By James Slater – By now, fight fans have almost certainly read or heard about former middleweight king Kelly Pavlik’s retirement announcement. “The Ghost,” 40-2(34) and just 31-years-old, told ESPN.com of his decisions, citing concerns for his long-term health and a lack of drive as his main reasoning. Pavlik was all set to fight Pound-for-Pounder Andre Ward, and the cancellation of this big fight (due to Ward’s shoulder injury/subsequent surgery) reportedly left the Youngstown legend disappointed and this too may have partially inspired his decision to walk away from the sport that made him great and he in turn helped make a little greater.
A genuine blue collar hero and an inspiration to millions of “small guys” the world over, Pavlik especially made the good people of his home town feel proud. This article is intended to say a small thank you to Kelly, a fighter who made this writer jump off the couch on more than one occasion. Pavlik was, above all else, exciting!
Who can forget his give and take battle with the then unbeaten Edison Miranda? The May 2007 win (a 7th-round TKO win for Pavlik) saw “The Ghost” – then aged 25 and, as we now know, in his absolute, arguably never to be better, prime – earn a shot at another unbeaten fighter: the middleweight champion of the world, Jermain Taylor. If Pavlik, a punishing puncher who had a great left jab, a reliable chin and a fine engine, wasn’t at his best against Miranda, he sure was against Taylor.
Before the September 2007 clash, legendary trainer Emanuel Steward, then working with Taylor, predicted a relatively straightforward, quick win for his fighter. Steward was almost proved correct, as “Bad Intentions” scored a heavy 2nd-round knockdown over his challenger. But Pavlik, showing the bite-down courage he would soon become world famous for, fought back hard against the man who had previously beaten him as an amateur, eventually trapping Taylor in a corner and battering him into helplessness in the 7th-round of a classic fight.
Now the middleweight king and, as promoter Bob Arum promised, the next superstar of the sport, Pavlik, unfortunately, after just one title retention and a repeat, non-title points win over Taylor, began a downward spiral. A heavy points loss to the crafty Bernard Hopkins – in 2008 and up at 170-pounds – seemed to take a lot of the self confidence out of Pavlik, and the critics were quick to declare how Hopkins had “ruined” him.
But Pavlik, still the middleweight ruler, had a lot of fight left in him yet. Retentions of his belts came against Marco Antonio Rubio and Miguel Angel Espinosa (both stoppage wins), before Pavlik went twelve hard, bloody rounds with Sergio Martinez in April of 2010. At the time, the close-ish UD loss let a lot of Pavlik fans down, also further inspiring the critics to write Kelly’s obituary, but in hindsight Pavlik’s performance, hampered as it was a by a nasty cut to the eye, was far from poor. Martinez, of course, would go on to become a P-4-P star and, according to some experts, one of the best middleweights in history. Would the peak Pavlik have beaten Martinez?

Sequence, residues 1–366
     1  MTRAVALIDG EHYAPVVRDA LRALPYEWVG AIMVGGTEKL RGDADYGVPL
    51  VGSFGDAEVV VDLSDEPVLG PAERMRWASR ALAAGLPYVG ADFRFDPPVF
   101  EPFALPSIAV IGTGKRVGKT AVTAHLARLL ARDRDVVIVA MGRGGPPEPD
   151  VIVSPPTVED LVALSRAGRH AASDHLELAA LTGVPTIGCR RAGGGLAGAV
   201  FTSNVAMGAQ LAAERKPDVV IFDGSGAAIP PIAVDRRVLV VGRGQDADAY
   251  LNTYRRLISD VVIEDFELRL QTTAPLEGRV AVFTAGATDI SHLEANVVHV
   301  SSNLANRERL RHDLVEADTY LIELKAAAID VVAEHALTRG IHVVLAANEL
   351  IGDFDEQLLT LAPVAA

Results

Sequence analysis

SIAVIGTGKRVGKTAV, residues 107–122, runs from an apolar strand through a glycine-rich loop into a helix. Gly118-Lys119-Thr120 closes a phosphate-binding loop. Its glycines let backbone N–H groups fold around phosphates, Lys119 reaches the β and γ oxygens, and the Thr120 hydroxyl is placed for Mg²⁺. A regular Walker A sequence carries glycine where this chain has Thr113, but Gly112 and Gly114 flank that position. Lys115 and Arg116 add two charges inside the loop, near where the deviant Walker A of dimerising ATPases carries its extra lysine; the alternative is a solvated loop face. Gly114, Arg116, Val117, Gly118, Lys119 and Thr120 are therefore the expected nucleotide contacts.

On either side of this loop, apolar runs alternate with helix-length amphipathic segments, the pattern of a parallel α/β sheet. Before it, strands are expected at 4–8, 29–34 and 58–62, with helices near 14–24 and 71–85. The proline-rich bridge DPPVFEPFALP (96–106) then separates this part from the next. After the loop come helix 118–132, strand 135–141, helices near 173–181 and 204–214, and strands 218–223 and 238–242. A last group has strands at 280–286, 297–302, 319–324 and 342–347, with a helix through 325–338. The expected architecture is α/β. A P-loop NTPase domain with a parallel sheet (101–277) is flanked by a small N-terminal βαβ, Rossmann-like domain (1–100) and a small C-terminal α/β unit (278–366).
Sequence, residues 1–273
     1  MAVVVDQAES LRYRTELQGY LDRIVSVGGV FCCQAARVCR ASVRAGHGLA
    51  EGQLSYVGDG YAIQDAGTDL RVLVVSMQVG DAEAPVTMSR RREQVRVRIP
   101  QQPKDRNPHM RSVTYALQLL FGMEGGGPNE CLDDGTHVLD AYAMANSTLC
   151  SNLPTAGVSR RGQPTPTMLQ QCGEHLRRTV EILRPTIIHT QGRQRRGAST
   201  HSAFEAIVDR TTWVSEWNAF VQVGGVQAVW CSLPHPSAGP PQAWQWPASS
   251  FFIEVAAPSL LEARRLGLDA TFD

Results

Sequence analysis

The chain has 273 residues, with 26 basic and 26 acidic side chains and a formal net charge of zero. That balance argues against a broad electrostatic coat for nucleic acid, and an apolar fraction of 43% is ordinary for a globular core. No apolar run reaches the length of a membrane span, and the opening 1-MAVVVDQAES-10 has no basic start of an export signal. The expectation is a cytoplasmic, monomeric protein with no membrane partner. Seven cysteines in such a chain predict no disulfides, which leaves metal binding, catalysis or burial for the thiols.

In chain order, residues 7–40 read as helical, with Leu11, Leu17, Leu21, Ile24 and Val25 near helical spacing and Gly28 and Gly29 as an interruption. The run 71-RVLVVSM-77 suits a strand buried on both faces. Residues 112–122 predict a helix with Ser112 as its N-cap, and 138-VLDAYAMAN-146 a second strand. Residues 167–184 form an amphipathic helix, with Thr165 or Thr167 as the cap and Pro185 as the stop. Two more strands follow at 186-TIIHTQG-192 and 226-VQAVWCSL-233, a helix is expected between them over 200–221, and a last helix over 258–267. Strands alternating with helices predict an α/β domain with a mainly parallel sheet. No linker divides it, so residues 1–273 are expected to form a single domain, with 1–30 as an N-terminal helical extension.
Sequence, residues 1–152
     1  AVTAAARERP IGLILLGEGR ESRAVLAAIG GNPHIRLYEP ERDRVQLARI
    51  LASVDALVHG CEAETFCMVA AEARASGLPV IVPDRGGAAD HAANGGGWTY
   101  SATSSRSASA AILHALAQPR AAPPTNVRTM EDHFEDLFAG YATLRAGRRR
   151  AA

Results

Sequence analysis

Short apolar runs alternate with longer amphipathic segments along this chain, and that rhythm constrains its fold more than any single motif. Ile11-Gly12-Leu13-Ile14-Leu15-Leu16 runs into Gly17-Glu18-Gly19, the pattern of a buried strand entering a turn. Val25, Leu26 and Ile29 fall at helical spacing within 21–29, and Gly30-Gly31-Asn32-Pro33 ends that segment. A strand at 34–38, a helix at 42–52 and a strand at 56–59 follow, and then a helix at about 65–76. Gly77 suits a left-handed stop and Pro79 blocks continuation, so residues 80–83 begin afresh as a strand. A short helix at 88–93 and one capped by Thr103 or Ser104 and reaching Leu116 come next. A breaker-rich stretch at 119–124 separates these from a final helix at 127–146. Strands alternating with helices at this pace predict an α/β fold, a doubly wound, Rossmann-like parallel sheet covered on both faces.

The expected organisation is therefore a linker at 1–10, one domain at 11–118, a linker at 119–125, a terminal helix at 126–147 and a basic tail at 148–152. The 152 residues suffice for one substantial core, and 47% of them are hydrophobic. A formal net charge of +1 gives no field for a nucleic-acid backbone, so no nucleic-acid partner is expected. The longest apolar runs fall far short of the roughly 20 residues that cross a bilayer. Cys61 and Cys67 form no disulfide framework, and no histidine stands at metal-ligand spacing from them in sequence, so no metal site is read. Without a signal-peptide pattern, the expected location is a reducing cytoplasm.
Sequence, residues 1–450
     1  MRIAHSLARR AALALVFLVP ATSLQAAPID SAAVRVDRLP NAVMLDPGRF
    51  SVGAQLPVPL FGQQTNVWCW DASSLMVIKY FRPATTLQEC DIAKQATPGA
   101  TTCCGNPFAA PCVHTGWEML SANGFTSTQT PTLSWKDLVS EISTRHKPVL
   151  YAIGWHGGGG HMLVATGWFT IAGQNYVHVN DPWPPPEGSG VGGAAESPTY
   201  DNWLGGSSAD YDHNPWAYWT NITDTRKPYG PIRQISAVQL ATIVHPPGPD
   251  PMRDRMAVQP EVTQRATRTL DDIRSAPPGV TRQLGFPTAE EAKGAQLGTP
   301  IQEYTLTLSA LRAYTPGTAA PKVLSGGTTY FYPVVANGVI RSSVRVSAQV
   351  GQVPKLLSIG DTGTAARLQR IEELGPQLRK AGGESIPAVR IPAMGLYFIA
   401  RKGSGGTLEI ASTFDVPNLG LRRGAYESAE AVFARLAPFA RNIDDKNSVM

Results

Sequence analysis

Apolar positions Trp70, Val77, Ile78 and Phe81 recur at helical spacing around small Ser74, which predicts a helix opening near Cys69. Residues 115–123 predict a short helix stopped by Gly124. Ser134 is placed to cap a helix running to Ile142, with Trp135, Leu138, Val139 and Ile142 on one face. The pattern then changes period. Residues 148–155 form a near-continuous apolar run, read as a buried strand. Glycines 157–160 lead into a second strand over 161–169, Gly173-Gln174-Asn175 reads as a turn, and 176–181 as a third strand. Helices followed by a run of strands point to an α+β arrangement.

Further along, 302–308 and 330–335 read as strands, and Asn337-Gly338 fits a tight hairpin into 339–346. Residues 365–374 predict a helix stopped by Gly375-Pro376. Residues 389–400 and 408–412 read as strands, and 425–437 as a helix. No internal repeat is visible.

Then came Pavlik’s well-documented battle with alcohol, resulting in a stay in rehab – before a comeback in May of 2011 saw the former champ real off four useful, rust-removing wins up at super-middleweight. Now clean and sober and, more importantly, as hungry as ever with new trainer Robert Garcia (having split with long-time coach Jack Leow), Pavlik was linked to big fights with the likes of Lucian Bute, Carl Froch and Ward. For one reason or another, however, neither intriguing match-up came off.
With Pavlik’s retirement (providing he sticks to his decisions, after all, many fighters have been know to have a change of heart) there undoubtedly comes a sense of what if? Pavlik, in my opinion, had the stuff of greatness in him, yet through a combination of bad luck and his own mistakes (mostly out of the ring) he never achieved all he could have. Pavlik definitely lost something after the non-title loss to “The Executioner,” yet Kelly never even had to take that fight (as I recall, there was no clamour for the match-up beforehand). Would a more astute Team-Pavlik have swerved the pesky, who-needs-him Philadelphian? Maybe, and had Pavlik fought someone else other than B-Hop, nobody would have held it against him (remember, many good judges were predicting a bad night for the then 43-year-old Hopkins when he entered the fight; certainly no-one would have accused Pavlik of ducking the ageing master).
Who knows for how long Pavlik could/would have dominated had he not had that bad night against Hopkins (also remember how Pavlik suffered an elbow injury prior to the loss, an injury he could easily have decided necessitated his withdrawal from the bout). Also, nobody knows how well Pavlik would have done in big fights against Bute, Froch and Ward. Maybe, had he landed the fight with Bute, it would have been Pavlik who revitalised his career with a stunning stoppage over the Romanian, and not Froch.
Now comes the big question: does Pavlik deserve to be considered for The Hall of Fame? Most fans will likely shout out “no” upon first thought, but Pavlik’s accomplishments were many and the impact he made was pretty big indeed. Let’s wait and see how the “experts” decide. For what it’s worth, I’d vote Pavlik in.
For now though, it’s a big thank you from me for the great, great ring action Pavlik gave us all.
Kelly Pavlik: middleweight champion of the world from September of 2007 to April of 2010.
Best wins: TKO7 Jermain Taylor
WU12 Jermain Taylor
TKO7 Edison Mirannda
KO8 Jose Luis Zertuche
TKO6 Bronco McKart
WRTD9 Marco Antonio Rubio
TKO9 Fulgencio Zuniga